TABLE 1______________________________________ RTA TIMESiO2 THICKNESS °C. SEC. Ω/SQUARE______________________________________121Å 800 60 3.9134Å 800 90 3.4 18Å 650 30 9.2129Å 800 60 4.3 80Å 650 60 9.0420Å 800 60 30______________________________________
Referring to FIG. 7, a titanium and oxygen phase diagram is shown, wherein it is seen that the metallic titanium phase can dissolve a large quantity of oxygen in its structure without forming an insulating titanium oxide phase. Zirconium, hafnium, vanadium etc., are similar to titanium in their reaction to SiO2, while metals such as chromium and tantalum do not reduce SiO2 on heating. However, a high solubility for oxygen is not always required in the reaction of metals with insulating films. An extensive study, by S. Q. Wang and J. W. Mayer, in Thin Solid Films, 202 (1991), pp. 105 to 123, of reaction of SiO2 in contact with single and double metal films, concludes that the free energy change of the reaction at a given temperature determines if the reaction will occur. Thus, the choice of gas ambients during the heating, such as oxygen for carbide insulating films and hydrogen for oxide and nitride insulating films, can influence the free energies and favor the reactions between the two layers. Other mechanisms can lead to the same overall electrical effect, described earlier. For example, the conducting layer can physically break up the thin insulating layer by penetration (diffusion), thus establishing electrical contact to the substrate as required by this invention. Laser heating, can melt momentarily the top metallic layer, and thereby increase its reactivity many fold. It is evident from Table 1 and the above discussions, that for completion of this conversion reaction, the thickness of the insulator layer should be kept at a minimum. On the other hand, the thickness has to be sufficient to provide for a satisfactory etch stop. In general, the thickness of the intermediate insulating film is chosen in the range of 50 to 500 angstroms, with the preferred thickness for SiO2 being about 100 angstroms.
With reference to FIG. 4, a photoresist stencil, 30' and 30" is formed using the desired local interconnect pattern. A coating of a photosensitive layer is exposed using a local interconnect mask and the resist pattern is developed, baked and hardened using known methods.
With reference to FIG. 5, layer 28 is etched using the stencil 30" and 30'. The etching can be done by using any, of a number of known processes singly or in combination, such as, reactive ion etching, ion milling, reactive ion beam etching, chemical wet etching etc. In all cases, layer 26 is used as an etch stop to avoid damaging the exposed device contact. A preferred reactive ion etching process for titanium that provide good selectivity to SiO2 layer, uses C12, BC13 and N2 as the gas constituents. Invariably, even the etch processes with good selectivity will cause some loss of the etch stop layer. In FIG. 5, the layer 26' is essentially the layer 26 that has become thinner during the etch process. The choice of the etch process and the thickness of layer 26 is selected to facilitate sufficient overetch to form the local interconnect without the "stringers" or shorts discussed earlier. With further reference to FIG. 5, the resist stencil 30' and 30" is removed by wet and or dry etching, preferably by plasma ashing followed by wet stripping.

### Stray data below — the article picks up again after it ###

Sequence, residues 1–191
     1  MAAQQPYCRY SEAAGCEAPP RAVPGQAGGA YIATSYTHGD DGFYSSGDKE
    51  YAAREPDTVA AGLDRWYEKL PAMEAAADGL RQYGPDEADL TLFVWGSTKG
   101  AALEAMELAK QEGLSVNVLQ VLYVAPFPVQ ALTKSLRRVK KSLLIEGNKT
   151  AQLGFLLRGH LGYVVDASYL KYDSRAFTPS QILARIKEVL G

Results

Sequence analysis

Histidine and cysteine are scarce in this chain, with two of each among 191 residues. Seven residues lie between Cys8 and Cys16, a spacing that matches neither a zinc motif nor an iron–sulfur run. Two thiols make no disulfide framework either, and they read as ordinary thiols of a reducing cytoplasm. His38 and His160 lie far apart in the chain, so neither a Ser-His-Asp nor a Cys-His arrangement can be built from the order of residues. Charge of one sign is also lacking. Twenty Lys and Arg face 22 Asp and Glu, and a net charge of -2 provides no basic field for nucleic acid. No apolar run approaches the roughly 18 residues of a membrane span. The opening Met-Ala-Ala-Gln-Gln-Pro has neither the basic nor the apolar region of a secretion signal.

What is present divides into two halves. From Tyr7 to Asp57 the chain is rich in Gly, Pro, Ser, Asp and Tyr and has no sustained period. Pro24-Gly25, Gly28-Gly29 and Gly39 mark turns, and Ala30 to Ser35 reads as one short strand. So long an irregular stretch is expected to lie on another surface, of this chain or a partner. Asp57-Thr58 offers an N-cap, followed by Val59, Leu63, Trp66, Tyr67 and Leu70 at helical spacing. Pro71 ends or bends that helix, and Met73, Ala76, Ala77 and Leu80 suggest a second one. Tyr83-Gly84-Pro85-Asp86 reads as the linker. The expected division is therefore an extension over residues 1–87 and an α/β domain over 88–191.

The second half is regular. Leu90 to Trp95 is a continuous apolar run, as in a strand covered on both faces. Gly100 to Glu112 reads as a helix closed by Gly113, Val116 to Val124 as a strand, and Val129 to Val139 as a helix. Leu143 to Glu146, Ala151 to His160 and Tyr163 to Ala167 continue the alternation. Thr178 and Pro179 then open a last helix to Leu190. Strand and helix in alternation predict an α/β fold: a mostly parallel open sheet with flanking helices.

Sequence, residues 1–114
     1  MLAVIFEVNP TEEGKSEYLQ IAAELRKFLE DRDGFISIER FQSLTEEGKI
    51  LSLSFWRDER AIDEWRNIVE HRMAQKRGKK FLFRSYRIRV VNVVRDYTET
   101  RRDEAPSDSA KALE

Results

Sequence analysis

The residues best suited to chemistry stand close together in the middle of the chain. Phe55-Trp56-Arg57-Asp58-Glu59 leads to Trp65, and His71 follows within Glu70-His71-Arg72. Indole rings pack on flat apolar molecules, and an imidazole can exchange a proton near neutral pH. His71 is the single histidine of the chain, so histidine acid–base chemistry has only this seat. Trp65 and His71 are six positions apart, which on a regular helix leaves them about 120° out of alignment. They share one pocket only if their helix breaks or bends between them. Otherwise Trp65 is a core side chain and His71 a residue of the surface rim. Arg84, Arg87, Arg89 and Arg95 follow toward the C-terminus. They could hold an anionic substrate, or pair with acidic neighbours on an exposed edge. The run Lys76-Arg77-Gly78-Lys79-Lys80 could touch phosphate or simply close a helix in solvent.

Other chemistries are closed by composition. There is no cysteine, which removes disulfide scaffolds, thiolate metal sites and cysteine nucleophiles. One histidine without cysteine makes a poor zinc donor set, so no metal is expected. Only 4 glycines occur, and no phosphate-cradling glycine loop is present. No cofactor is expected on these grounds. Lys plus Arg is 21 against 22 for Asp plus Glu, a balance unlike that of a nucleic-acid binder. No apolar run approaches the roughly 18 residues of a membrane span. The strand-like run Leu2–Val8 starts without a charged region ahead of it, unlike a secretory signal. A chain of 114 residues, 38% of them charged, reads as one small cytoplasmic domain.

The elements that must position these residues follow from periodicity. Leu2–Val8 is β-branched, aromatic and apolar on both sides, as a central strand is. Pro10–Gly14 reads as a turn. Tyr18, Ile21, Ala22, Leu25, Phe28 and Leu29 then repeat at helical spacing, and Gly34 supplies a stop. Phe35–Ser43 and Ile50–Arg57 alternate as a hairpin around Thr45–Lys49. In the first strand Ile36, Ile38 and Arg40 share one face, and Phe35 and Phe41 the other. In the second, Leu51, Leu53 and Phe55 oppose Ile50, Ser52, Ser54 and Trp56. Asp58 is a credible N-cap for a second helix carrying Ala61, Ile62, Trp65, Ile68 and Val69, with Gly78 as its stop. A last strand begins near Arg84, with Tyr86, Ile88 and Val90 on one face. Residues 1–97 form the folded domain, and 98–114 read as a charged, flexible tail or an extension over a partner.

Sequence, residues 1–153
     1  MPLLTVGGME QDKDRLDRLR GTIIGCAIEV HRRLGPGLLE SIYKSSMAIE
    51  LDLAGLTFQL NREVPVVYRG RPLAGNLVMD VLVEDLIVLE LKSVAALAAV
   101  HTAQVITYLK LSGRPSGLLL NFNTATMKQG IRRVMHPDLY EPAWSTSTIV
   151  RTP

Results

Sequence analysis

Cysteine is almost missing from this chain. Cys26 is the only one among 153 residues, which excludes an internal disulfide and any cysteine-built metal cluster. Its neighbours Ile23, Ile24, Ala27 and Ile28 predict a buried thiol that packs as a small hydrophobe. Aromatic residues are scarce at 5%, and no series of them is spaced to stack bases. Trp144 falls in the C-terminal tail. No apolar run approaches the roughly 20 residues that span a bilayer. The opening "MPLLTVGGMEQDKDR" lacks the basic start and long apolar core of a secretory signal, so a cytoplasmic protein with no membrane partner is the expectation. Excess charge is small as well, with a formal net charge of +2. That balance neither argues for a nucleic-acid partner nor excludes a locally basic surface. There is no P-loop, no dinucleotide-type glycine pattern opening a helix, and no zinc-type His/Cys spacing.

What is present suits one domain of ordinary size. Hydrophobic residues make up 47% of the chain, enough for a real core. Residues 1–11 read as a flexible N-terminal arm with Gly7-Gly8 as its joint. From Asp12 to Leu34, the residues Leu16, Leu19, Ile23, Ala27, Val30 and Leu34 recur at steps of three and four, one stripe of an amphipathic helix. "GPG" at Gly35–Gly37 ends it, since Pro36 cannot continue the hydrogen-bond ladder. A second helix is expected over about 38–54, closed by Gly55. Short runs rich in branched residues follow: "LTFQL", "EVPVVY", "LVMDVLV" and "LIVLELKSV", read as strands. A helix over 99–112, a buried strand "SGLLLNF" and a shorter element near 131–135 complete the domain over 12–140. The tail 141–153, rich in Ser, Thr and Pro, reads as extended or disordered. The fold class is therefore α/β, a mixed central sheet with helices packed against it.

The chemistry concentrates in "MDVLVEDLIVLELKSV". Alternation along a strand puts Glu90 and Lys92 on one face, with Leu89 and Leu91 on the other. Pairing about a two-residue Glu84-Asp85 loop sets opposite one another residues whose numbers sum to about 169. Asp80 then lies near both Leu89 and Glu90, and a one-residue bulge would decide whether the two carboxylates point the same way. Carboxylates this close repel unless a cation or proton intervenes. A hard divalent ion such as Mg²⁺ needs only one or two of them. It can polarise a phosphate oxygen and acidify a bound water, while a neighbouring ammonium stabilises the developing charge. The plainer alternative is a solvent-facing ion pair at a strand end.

With reference to FIGS. 6A and 6B, the conductive straps 28' and 28" and layer 26 underneath them have been activated to form a new layer 32' and 32'. Layers 32' and 32" are conductive, make electrical contacts to the device surfaces and provide electrically conductive links between the devices. The electrical resistivity of the conducting links is in the range of 1 to 10 ohms/square depending on the devices being connected.
There is thus provided a method for forming a local interconnect, with the desirable attributes of good step coverage, minimal shorting, compatibility with borderless contact design and acceptable electrical conductivity. The process steps are easily integrated with conventional semiconductor manufacturing tools and techniques. The present invention has utility especially in the area of interconnection and improved wirability of semiconductor devices.
While the invention has been described in terms of a single preferred embodiment, various alternatives and modifications can be devised by those skilled in the art without departing from the invention. Accordingly, the present invention embraces all such alternatives and modifications which fall within the scope of the appended claims.